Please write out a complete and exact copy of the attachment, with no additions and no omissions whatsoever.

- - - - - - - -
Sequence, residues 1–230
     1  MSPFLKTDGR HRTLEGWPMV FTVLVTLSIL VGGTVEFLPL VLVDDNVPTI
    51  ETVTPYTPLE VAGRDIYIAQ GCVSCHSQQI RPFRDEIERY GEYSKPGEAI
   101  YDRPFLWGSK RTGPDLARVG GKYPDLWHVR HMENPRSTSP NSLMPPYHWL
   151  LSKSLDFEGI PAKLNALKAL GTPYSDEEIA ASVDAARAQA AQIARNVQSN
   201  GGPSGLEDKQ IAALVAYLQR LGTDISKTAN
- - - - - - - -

Sequence, residues 1–230
     1  MSPFLKTDGR HRTLEGWPMV FTVLVTLSIL VGGTVEFLPL VLVDDNVPTI
    51  ETVTPYTPLE VAGRDIYIAQ GCVSCHSQQI RPFRDEIERY GEYSKPGEAI
   101  YDRPFLWGSK RTGPDLARVG GKYPDLWHVR HMENPRSTSP NSLMPPYHWL
   151  LSKSLDFEGI PAKLNALKAL GTPYSDEEIA ASVDAARAQA AQIARNVQSN
   201  GGPSGLEDKQ IAALVAYLQR LGTDISKTAN